What happens when you ask staff from three art schools to design their ideal school? FCBStudios Partner Tom Jarman found out at a recent design charrette.
In November I was invited to attend the University of the Arts London (UAL) Camberwell, Chelsea and Wimbledon Art Schools Annual Conference. Pro Vice Chancellor and Head of Colleges David Crow and I opened proceedings for the day with a joint keynote presentation on the theme of space in art schools and its relationship to pedagogy. In the afternoon we delivered a workshop on spaces for art education with the aim of provoking some fresh thinking on the design of spaces for art education.
Having worked on three art schools – Manchester School of Art, Bedales School and Plymouth School of Creative Arts – as well as the Royal Birmingham Conservatoire and a wide range of other University and School buildings, I shared some ideas about the design of spaces for art education, based on the individual requirements of each one. Taking these as a basis to start discussions, we introduced a rapid design charrette that could take a light-touch approach to strategic considerations for future art school accommodation at UAL.
Twenty-five staff from teaching and managerial areas were arranged into small interdisciplinary groups and encouraged to sit with people they didn’t know. Taking the form of an ‘architectural bake-off’ they were each given a bag of low-tech modelmaking materials as their ‘ingredients’ to complete a ‘technical challenge’. Tutored and encouraged by David and me, they were given 45 minutes to create a model of their ideal art school.
Our charrette turned the tables on traditional consultation exercises. Rather than asking a small group of top-level staff to come up with a strategic plan which would later be honed by specialist groups tasked to discuss specific points, we gave a free brief to all, valuing each contribution equally. The process was depressurised by the purely theoretical nature of the starting point: 'Make your own site and make your own brief'.
For architects, thinking about how people use space is a key part of our work. Higher education institutions face increasing pressures to get the most out of all their physical resources. This was a great opportunity for learning on both sides as it drew out strongly values-based responses. We were able to ask a room full of practitioners what they felt an art school should do and what it is for.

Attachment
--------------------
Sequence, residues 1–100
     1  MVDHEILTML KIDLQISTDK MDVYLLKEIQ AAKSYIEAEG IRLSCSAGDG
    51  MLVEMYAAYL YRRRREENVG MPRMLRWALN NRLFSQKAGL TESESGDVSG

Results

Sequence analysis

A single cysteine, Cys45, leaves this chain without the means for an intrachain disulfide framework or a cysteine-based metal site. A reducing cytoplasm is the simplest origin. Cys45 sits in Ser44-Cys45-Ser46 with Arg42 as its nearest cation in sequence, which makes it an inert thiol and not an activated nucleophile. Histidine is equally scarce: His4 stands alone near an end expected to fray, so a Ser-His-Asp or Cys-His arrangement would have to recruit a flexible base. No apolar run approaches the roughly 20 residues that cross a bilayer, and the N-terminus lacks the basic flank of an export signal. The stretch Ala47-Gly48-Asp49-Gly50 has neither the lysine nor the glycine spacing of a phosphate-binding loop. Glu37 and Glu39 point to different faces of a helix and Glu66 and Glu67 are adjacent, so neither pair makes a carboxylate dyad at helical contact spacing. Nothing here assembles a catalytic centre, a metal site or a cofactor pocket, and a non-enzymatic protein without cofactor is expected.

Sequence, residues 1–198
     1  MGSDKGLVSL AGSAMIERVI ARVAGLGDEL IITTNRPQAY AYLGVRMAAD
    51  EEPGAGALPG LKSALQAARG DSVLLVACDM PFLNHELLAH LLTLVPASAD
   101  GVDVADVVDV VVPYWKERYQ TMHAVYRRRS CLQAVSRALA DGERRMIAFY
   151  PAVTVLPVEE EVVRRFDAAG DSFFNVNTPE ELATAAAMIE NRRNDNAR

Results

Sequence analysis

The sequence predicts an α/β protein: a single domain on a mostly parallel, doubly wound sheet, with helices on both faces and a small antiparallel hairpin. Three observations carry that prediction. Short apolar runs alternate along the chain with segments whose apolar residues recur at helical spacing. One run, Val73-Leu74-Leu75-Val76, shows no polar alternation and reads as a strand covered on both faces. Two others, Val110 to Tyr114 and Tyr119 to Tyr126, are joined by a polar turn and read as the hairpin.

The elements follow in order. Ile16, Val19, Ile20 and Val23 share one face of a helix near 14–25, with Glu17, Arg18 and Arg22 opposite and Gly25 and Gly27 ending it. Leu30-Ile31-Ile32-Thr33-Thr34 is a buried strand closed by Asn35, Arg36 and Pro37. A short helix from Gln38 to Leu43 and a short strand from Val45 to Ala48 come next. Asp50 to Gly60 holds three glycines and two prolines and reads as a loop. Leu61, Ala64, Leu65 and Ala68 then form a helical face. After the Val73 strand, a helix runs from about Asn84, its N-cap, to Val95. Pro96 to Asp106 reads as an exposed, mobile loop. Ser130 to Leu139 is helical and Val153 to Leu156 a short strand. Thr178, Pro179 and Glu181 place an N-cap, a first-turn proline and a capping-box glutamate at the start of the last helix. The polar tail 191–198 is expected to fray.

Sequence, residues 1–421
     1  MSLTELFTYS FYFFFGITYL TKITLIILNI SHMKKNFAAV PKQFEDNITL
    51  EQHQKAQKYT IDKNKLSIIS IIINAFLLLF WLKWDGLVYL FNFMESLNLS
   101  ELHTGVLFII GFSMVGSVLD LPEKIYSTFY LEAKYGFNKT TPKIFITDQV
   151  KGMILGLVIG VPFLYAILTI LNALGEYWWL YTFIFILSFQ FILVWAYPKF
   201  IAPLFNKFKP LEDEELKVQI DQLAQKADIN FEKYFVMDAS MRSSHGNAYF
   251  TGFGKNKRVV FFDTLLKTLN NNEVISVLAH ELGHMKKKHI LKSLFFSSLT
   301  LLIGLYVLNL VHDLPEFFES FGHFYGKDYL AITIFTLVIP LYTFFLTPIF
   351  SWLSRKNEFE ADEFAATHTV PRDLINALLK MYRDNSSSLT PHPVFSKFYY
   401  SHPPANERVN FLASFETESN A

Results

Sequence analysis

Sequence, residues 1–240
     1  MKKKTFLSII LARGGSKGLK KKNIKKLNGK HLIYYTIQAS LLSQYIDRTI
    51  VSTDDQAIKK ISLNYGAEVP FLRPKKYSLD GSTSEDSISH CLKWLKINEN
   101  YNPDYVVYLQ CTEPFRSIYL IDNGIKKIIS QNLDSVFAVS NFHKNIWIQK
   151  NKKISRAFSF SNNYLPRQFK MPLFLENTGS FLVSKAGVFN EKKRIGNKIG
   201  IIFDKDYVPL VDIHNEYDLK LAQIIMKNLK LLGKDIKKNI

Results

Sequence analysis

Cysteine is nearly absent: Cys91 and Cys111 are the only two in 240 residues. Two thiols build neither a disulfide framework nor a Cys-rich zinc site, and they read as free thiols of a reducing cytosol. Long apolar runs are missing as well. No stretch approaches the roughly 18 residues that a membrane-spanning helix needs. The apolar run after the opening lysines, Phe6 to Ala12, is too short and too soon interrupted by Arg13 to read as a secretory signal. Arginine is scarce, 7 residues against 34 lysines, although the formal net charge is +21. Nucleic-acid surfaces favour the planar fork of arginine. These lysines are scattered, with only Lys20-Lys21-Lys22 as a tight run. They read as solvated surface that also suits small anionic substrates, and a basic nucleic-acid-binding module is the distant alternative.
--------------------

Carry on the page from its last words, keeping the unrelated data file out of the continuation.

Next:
Each of the five groups created a theoretical site and presented a proposition for their school.
One group eschewed all but the most diagrammatic of materials, creating a clear space plan using labelled wooden blocks to show the relationship between spaces and functions. Another focussed on the student experience of being at the heart of the school. A third group created a model with a beautiful sculptural roof, wryly commenting that the architects had spent all the money on a big statement, leaving nothing in the budget for facilities!
Whether pragmatic or concept-led, some common themes emerged:
At the heart of many of the discussions was the capacity of a school to serve both its students and the wider community, highlighting the mission that the institution feels in terms of its broader social and cultural agenda.
Spaces which encourage interaction and interconnectedness between staff and students across different disciplines showed how deeply-rooted collaboration and knowledge exchange are within these creative environments.
Interestingly, water was seen as central to the existence of these London schools, featuring in many of the imagined sites. The proposals incorporated a wide range of delightful features including flexible barge and houseboat accommodation, bridges to create outward-facing links across the river and boats to create seamless transport links for greater access to nearby communities.
All of the proposals explored the relationship between our environment and wellbeing in one way or other. The quality of teaching and learning spaces through scale, light, atmosphere and availability was tackled, but spaces for ‘life support’ were also important. From yoga studios to rooms for resting, art installations and silent discos, it was clear that the life of an art school stretches beyond the direct educational objectives of the institution.
What surprised us all was how much can be achieved in a short space of time. This rapid creative session had a welcome intensity and allowed everyone to engage in different kinds of conversations tackling subject areas outside of their direct specialism and stretching people beyond their day to day areas of focus.
From an architect’s point of view, I have had some of my own theories about the design of creative education supported and others challenged. The places where ideas are sparked, connections made and lives enriched are many and varied and must be encouraged.
Thanks to all the staff at UAL’s Camberwell, Chelsea and Wimbledon Art Schools for getting involved, sharing their ideas and questioning everything.